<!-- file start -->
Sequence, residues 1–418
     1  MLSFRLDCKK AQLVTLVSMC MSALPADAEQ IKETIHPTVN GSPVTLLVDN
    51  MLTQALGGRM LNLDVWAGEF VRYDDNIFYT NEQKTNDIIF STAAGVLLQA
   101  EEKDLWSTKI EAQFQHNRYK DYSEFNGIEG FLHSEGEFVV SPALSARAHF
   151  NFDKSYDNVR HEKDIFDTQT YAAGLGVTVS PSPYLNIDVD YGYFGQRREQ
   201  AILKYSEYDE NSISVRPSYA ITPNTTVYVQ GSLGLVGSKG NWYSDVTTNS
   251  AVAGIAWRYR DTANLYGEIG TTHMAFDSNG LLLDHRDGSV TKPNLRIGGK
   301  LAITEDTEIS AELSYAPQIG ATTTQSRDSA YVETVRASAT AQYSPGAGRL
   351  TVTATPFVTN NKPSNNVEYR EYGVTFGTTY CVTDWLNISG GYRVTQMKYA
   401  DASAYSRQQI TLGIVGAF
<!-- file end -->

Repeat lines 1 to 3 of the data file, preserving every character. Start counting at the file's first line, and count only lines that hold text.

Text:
Sequence, residues 1–418
     1  MLSFRLDCKK AQLVTLVSMC MSALPADAEQ IKETIHPTVN GSPVTLLVDN
    51  MLTQALGGRM LNLDVWAGEF VRYDDNIFYT NEQKTNDIIF STAAGVLLQA